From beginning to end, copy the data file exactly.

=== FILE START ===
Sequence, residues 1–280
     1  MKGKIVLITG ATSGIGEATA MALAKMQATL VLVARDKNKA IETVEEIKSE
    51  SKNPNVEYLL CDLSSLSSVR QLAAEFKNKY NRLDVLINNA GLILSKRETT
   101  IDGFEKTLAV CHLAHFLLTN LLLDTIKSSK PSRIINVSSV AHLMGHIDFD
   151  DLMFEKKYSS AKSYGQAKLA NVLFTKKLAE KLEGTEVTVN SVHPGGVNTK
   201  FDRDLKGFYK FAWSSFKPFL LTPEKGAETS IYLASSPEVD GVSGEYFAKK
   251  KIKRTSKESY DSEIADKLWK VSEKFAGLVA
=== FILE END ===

Sequence, residues 1–280
     1  MKGKIVLITG ATSGIGEATA MALAKMQATL VLVARDKNKA IETVEEIKSE
    51  SKNPNVEYLL CDLSSLSSVR QLAAEFKNKY NRLDVLINNA GLILSKRETT
   101  IDGFEKTLAV CHLAHFLLTN LLLDTIKSSK PSRIINVSSV AHLMGHIDFD
   151  DLMFEKKYSS AKSYGQAKLA NVLFTKKLAE KLEGTEVTVN SVHPGGVNTK
   201  FDRDLKGFYK FAWSSFKPFL LTPEKGAETS IYLASSPEVD GVSGEYFAKK
   251  KIKRTSKESY DSEIADKLWK VSEKFAGLVA